By Jordan Teague
In December 2021, the United States joined other donor nations and institutions to pledge additional funding for the International Development Association (IDA), the arm of the World Bank that supports lower-income countries. IDA is one of the largest sources of funding for global development. The amount pledged was $23.5 billion over the next three years.
Between now and 2025, IDA will commit an historic $93 billion to help 74 countries with high rates of hunger and malnutrition meet their population’s humanitarian and development needs. U.S. leadership spurs other donors to contribute, with every $1 in U.S. contributions helping to generate nearly $4 in contributions from others.
IDA is more important than ever with the continuing surge in global hunger and malnutrition. About one third of IDA-eligible countries are facing food crises. IDA has tripled its annual funding for food security since 2008. When the COVID-19 global pandemic began to cause additional hunger in many countries, IDA responded by beginning to commit more funding to food security. Since March 2020, it has committed $5.3 billion in new investments. The round of funding just approved will sustain efforts to ease the suffering of people living with hunger and malnutrition. It includes resources to enable 400 million people to access essential health and nutrition services.
A notable improvement made in this cycle of IDA funding is a doubling of the funds allocated to early response efforts in the Crisis Response Window. As more and more people are pushed into hunger and malnutrition, early response planning and funding is increasingly necessary.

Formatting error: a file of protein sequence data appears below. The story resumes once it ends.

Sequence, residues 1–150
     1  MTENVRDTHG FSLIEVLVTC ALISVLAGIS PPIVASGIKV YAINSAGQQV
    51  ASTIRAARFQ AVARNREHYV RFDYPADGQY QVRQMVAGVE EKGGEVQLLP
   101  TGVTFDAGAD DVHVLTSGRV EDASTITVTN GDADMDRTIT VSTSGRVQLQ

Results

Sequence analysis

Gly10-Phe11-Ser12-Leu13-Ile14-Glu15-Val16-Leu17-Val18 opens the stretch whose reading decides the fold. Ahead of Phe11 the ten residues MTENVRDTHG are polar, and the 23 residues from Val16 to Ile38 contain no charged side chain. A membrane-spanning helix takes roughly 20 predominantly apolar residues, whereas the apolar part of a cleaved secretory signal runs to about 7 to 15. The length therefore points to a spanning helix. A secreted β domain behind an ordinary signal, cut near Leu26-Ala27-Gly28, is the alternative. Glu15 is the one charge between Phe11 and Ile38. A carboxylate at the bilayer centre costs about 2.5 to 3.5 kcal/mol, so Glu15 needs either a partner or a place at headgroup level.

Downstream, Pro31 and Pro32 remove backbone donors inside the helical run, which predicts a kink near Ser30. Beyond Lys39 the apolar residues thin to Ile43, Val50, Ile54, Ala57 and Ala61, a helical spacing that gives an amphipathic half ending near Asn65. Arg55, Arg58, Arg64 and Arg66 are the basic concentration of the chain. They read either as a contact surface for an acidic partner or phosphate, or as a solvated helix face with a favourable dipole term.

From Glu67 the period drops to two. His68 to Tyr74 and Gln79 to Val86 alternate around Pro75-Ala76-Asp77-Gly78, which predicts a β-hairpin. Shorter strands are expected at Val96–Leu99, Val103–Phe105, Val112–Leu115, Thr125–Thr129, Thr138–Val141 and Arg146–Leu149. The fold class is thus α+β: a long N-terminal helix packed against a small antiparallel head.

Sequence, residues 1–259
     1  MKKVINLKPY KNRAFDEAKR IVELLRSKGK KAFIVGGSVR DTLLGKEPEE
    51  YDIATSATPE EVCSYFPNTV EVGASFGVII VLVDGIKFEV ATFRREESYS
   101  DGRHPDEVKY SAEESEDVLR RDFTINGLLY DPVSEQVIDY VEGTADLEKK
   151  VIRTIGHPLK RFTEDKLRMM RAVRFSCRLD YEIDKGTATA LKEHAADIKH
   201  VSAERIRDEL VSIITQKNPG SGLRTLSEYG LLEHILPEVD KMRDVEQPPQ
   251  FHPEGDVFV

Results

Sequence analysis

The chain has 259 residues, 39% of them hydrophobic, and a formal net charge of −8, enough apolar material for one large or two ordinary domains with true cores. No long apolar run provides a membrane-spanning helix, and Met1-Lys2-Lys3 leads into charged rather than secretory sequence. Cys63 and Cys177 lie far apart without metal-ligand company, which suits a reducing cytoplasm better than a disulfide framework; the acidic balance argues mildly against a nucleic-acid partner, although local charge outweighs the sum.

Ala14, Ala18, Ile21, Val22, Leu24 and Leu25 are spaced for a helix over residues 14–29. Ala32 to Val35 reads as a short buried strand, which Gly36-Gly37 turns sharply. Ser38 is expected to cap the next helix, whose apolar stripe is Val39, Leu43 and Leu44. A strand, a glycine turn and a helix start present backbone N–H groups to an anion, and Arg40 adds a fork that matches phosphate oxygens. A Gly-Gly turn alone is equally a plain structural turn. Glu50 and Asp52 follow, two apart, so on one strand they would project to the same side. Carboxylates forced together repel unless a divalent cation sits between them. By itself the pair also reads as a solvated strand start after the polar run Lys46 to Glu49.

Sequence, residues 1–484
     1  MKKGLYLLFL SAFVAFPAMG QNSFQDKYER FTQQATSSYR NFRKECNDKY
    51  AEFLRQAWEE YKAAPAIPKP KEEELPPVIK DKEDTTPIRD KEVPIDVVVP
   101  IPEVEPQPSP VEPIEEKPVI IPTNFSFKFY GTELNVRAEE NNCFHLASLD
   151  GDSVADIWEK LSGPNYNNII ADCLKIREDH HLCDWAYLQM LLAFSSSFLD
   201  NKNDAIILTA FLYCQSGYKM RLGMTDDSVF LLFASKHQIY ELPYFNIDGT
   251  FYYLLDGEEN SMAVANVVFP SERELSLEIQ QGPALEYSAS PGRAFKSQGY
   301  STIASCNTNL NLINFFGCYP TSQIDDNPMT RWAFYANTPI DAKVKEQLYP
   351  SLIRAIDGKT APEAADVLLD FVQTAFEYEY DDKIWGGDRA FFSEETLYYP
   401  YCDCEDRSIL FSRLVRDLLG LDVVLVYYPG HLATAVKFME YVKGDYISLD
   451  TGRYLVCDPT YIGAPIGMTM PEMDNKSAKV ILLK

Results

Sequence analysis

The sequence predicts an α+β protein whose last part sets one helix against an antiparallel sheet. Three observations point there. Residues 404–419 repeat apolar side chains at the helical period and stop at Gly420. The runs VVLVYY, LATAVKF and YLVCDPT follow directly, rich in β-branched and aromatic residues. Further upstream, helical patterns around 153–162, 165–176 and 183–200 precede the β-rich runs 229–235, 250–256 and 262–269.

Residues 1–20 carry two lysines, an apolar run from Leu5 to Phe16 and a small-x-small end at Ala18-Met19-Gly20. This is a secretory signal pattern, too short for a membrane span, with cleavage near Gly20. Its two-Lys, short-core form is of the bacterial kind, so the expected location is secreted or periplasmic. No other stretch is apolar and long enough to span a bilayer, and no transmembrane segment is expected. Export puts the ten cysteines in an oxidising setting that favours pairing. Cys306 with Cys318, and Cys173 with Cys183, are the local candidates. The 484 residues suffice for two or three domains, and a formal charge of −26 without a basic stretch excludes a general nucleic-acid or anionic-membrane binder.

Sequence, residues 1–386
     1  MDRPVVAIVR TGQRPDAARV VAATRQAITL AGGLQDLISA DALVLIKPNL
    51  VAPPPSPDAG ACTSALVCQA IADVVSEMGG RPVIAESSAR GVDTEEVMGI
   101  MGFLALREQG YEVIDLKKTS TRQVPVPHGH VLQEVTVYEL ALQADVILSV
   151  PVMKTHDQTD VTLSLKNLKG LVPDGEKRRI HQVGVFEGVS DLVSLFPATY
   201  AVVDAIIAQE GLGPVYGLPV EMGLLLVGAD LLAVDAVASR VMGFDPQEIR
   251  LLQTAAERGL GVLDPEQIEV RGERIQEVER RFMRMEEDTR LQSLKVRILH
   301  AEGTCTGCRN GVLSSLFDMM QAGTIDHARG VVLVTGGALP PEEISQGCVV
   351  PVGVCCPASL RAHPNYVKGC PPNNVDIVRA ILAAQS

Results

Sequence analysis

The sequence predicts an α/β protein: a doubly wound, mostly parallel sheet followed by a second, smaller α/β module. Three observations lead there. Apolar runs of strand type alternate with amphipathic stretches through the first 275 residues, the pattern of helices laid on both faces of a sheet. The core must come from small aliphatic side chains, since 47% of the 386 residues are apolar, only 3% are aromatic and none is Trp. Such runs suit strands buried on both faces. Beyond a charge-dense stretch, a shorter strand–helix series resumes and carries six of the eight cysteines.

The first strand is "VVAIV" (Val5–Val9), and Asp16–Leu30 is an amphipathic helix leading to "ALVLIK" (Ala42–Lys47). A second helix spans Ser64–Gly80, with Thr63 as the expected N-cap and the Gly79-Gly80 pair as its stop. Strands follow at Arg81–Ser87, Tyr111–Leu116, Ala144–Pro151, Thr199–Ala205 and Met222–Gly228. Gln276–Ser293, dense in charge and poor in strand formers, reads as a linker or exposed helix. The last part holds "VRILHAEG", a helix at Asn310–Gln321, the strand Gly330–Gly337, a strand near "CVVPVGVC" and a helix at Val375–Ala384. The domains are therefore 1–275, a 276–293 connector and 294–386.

The U.S. Treasury Department led the IDA negotiations. Next, Congress must pass legislation to reauthorize U.S. participation in IDA and appropriate the funds. U.S. leadership in the World Bank and the other international financial institutions is essential to progress toward the global goal of ending hunger and all forms of malnutrition by 2030. Investments in multilateral funding sources work alongside U.S. bilateral assistance, which is made through agencies such as the U.S. Agency for International Development (USAID).
The programs supported by the two sources of finance are often complementary. For example, IDA supported an initiative in Bhutan that is similar to projects that USAID sometimes implements. The program enabled smallholder farmers to access newer irrigation technology as well as greenhouses, both of which helped them increase their yields of vegetables, citrus fruits, apples, quinoa, and other foods with essential nutrients. They also grew more staple crops such as rice and marketable spices such as cardamom and ginger.
Bread for the World is continuing its efforts this year to ensure that policymakers are well informed about the work the international financial institutions are doing to build food security and the critical role of U.S. leadership in sustaining this work.
Jordan Teague is interim director, policy analysis and coalition building, with Bread for the World.